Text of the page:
Digital breast tomosynthesis (DBT) mammography

Henry Ford offers a new and advanced type of mammogram for breast cancer screenings. This mammogram is called digital breast tomosynthesis or DBT. DBT is a breast imaging technology that creates 3D pictures of the breast tissue using X-rays. Doctors and radiologists will be able to look at these 3D pictures and see breast cancers easier, especially in dense breast tissue.

How digital breast tomosynthesis works

A traditional mammogram takes two X-ray images of the breast: one image from the top to bottom and one image from side to side. DBT mammography is different because it takes multiple X-ray images of the breast from multiple angles. These images create the 3D picture of the breast, and your radiologist will be able to see tiny details of the breast tissue like never before. This 3D mammogram gives fewer false-positives and fewer call backs and may catch more tumors.

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Who should get a 3D mammogram?

DBT is primarily used for screening mammography, as studies show that screening is the place where DBT makes the most difference in finding breast cancer and decreasing the need for diagnostic mammograms and ultrasound. Those who may benefit the greatest are:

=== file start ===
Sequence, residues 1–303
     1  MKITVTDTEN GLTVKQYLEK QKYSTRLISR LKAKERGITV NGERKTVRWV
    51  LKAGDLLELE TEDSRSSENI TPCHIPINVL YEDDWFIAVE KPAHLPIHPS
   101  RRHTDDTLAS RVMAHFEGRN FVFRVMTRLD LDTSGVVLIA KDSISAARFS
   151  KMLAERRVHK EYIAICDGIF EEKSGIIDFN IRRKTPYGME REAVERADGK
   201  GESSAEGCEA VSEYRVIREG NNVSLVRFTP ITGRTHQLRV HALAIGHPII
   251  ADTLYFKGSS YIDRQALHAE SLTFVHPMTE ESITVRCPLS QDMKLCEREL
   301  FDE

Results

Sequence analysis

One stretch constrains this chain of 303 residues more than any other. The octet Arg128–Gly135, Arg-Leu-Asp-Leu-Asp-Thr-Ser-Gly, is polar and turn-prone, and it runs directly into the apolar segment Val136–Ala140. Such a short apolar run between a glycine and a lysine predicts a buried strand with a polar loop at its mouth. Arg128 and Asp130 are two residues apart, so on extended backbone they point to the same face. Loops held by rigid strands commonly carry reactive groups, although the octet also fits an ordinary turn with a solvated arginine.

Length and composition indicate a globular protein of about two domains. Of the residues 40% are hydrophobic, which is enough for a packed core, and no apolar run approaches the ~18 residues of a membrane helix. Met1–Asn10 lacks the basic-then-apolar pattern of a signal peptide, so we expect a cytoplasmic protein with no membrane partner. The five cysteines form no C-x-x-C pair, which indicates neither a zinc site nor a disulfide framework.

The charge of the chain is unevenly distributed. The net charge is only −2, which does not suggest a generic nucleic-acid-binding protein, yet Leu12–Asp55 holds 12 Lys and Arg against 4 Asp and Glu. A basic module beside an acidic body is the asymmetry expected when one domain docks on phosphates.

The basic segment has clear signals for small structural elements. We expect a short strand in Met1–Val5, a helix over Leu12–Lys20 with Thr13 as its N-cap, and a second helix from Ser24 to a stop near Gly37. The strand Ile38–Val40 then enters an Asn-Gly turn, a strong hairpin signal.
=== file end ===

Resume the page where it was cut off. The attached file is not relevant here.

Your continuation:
• Women who have been diagnosed with dense breasts
  • Women with a history of breast cancer
  • Any woman who is undergoing her first (baseline) mammogram

Women should talk with their physicians at their next regularly scheduled appointment to determine if DBT mammography is appropriate for future breast cancer screenings.

Those who receive traditional digital mammography are still receiving one of the most advanced and well-proven technologies to assist in the early detection of breast cancer. In fact, screening mammograms used for further detection of breast abnormalities are still conducted using traditional digital mammography in most cases.

3D mammography for dense breast tissue

Approximately 45% of women undergoing screening mammography are classified as having either "heterogeneously dense" or "extremely dense" breasts. Fewer than 10% of all women have "extremely dense" breast tissue, which is associated with a relative risk of breast cancer of approximately 2 compared with average breast density. 40% of women have "heterogeneously dense" breast tissue, which is associated with a relative risk of approximately 1.2. Therefore, breast density is not a major cancer risk factor.

Breasts are considered dense if there is a lot of fibrous or glandular tissue but not much fatty tissue. Dense breasts can make it difficult to detect cancer. In a traditional mammogram, cancer can ‘hide’ or be obscured within the dense tissue. With a 3D mammogram, breast tissue can be examined layer by layer, making it easier to detect cancer in its earliest stage.

Make an appointment for a 3D mammogram

Digital breast tomosynthesis mammography is offered at these Henry Ford locations:

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